Nicholas Chase's Bhajan, described by one critic as “a pas de deux between violin and electronics,” is in four joined/continuous sections. Influenced by many musics from around the globe, the work tantalizes and bewitches the ear with a breadth of sounds that ebb and flow as if guided by an elusive but inherent sense of logic. The composer performs its electronics/computer part while noted violinist Robin Lorentz (who has appeared on four previous Cold Blue CDs) propels the music compellingly, interacting with the array of synthesized and processed sounds occurring around her.
The composer writes, “‘Bhajan’ is the general term for any variety of Hindu devotional song, typically sung, with a strong melodic component. My work Bhajan…embodies ideas about temporal freedom, melodic non-structure, and fusions of musical genre, disparate ethnicities, and instrumental combinations, and explores…ideas about breath and timing I’ve come to through study of Hindu spiritual/Vedic thought on sound and sound’s role in the making of life. It is deeply influenced by Indian raga, and it resonates with the soundscapes of my Arab heritage, while tonally it remains, intentionally, within the Western classical vocabulary.
When I sit at my desk to compose, airplanes passing, trucks rumbling, trains bleating, birds, squirrels, and crickets chirping all find their way into my music. When I think of notes for the violin, that sound gets twuisted up with whatever else is happening in the world around me and comes to land on my desk in music like you hear on this recording.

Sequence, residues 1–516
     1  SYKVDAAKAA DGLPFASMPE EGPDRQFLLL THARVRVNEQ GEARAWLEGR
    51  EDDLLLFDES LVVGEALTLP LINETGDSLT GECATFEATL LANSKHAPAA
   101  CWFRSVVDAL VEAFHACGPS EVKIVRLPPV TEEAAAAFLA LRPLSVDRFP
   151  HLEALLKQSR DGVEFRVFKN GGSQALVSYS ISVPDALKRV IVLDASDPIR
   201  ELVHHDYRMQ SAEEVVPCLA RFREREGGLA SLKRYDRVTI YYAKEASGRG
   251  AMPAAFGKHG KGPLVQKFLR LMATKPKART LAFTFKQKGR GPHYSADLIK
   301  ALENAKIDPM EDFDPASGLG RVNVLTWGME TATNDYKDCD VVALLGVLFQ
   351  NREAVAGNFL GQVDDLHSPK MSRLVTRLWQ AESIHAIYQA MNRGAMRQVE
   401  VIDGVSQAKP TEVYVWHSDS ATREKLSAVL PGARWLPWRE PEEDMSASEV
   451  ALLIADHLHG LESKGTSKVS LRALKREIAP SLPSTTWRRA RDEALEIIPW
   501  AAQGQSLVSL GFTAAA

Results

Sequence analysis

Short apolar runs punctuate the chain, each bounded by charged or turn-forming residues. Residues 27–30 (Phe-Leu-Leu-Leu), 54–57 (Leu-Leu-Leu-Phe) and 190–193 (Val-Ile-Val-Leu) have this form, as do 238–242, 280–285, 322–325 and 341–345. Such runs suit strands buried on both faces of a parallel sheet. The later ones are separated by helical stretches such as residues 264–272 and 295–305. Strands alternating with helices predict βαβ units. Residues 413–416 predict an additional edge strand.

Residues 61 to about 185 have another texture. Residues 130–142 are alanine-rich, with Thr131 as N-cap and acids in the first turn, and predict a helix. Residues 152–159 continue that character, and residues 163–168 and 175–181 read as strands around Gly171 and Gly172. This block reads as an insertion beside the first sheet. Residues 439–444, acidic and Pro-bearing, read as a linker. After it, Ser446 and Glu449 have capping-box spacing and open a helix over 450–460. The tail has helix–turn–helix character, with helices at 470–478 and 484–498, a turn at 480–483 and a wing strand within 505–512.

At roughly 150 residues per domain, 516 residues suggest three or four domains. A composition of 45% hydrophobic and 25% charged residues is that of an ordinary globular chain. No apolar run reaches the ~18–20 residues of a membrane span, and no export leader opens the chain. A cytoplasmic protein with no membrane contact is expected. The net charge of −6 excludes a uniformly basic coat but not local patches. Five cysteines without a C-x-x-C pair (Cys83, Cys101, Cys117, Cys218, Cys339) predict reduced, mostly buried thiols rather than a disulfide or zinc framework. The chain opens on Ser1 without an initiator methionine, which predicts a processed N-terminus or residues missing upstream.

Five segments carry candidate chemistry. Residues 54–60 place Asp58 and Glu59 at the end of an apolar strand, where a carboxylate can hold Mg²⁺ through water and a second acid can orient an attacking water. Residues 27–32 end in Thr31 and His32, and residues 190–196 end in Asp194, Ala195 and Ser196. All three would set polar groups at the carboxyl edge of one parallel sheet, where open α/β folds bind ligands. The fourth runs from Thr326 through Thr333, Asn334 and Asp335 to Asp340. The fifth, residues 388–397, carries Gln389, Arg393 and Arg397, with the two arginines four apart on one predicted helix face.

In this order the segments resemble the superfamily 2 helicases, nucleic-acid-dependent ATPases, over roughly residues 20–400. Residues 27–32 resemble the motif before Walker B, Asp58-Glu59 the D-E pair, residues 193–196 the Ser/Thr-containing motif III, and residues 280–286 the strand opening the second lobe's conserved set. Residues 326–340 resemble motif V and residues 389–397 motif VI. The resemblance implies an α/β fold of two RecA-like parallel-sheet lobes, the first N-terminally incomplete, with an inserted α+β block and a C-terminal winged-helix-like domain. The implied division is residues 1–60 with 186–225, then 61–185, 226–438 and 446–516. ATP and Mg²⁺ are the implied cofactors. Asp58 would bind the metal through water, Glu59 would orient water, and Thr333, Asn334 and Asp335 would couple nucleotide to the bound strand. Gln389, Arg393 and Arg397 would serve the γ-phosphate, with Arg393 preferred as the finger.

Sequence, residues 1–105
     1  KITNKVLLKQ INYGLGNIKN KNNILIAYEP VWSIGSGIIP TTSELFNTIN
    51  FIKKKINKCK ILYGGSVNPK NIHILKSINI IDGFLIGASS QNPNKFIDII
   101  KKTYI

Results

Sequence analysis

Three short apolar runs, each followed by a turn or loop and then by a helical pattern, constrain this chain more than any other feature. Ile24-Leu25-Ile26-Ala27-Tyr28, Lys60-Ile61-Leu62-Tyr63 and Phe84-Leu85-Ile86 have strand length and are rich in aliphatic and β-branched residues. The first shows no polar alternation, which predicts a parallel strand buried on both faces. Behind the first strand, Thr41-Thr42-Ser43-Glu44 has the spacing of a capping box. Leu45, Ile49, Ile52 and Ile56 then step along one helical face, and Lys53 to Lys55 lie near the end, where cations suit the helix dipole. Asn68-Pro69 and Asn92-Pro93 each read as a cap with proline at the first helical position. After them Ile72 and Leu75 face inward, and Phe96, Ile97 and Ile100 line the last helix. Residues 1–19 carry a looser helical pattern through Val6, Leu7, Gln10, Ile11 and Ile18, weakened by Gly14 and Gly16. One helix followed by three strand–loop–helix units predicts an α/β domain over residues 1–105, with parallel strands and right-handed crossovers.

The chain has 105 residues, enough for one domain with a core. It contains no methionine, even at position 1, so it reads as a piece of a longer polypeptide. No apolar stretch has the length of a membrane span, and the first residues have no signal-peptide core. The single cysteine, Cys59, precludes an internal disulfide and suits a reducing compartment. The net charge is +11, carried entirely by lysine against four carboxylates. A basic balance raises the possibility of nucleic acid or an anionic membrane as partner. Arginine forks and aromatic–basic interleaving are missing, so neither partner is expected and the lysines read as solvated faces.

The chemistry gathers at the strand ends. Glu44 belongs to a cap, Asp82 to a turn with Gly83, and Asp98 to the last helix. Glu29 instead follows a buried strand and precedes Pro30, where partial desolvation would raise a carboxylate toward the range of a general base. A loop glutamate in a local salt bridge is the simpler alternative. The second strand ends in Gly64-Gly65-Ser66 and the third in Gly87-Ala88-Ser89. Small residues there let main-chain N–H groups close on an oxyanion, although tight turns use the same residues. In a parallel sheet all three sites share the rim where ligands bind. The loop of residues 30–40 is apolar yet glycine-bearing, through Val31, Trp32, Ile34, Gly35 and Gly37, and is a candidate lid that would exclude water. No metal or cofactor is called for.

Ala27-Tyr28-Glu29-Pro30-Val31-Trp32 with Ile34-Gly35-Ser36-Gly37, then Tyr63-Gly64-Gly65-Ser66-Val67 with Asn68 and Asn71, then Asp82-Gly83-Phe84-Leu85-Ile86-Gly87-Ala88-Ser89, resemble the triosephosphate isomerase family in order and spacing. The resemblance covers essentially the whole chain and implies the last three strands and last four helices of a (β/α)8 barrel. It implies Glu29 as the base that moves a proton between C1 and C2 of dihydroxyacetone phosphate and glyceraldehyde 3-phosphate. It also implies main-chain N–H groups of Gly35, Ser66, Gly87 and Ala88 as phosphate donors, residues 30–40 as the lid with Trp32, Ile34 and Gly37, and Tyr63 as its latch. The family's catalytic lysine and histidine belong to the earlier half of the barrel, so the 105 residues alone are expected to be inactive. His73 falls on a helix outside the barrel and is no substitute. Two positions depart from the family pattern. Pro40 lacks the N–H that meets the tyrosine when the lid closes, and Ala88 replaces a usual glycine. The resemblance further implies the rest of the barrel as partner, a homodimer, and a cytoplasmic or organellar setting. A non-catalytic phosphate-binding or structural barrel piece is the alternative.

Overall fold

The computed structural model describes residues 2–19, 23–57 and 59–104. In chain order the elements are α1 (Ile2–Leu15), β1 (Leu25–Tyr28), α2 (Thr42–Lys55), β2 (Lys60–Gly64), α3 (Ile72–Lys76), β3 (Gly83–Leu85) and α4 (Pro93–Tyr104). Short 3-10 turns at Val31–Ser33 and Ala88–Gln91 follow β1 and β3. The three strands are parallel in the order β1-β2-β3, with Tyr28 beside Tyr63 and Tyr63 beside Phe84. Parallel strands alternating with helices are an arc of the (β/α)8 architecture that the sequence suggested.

Throughout Bhajan, the violinist’s performance has to be carefully nuanced in order for the computer’s output to have any life. If you listen carefully to ‘Drshti’ and ‘Bhajan,’ you will hear how the musical accompaniment (in ‘Drshti,’ the lead melodic line) exactly mirrors and is precisely shaped by the dynamic interpretation of the performer. Subtleties in articulation and dynamics as well as timbre combine to forge the end result—the ghost has a spirit, and that spirit is the performer.
“Bhajan was commissioned in 2011 by Robin Lorentz. Owing to severe health issues, Lorentz hadn’t been able to play for the few years prior to that. I composed Bhajan as a vehicle for her physical therapy. Robin eventually made a complete recovery, and continues to play today with as much strength and ability as she ever had. I’m grateful for her ongoing commitment to and rabid enthusiasm for the work and her wild encouragement as it unfolded between us. And I am grateful that she allowed me to contribute to her physical recovery.”
“Bhajan is a nice space to wander in. It is like one of those dreams in which you find yourself in a totally unfamiliar and yet comforting place…. The only thing that makes me sad about this release is the fact that it isn’t longer.”—Raymond Tuttle, Fanfare magazine
“Ms. Lorentz has a formidable resume as an acoustic violinist that includes the music of John Luther Adams, Daniel Lentz, Michael Jon Fink, Jim Fox, the California EAR unit as well as Jerry Goldsmith and Michael Jackson. To this must be added Bhajan, a masterly collaboration with the electronic music of Nicholas Chase. The art of ensemble playing with other acoustic musicians is, of course, a highly regarded virtue. The ability to play closely and sensitively with music realized by electronics must now be included in the arts of the acoustic musician. Ms. Lorentz and Nicholas Chase have set a standard in Bhajan that others would do well to emulate.” —Paul Muller, New Classic LA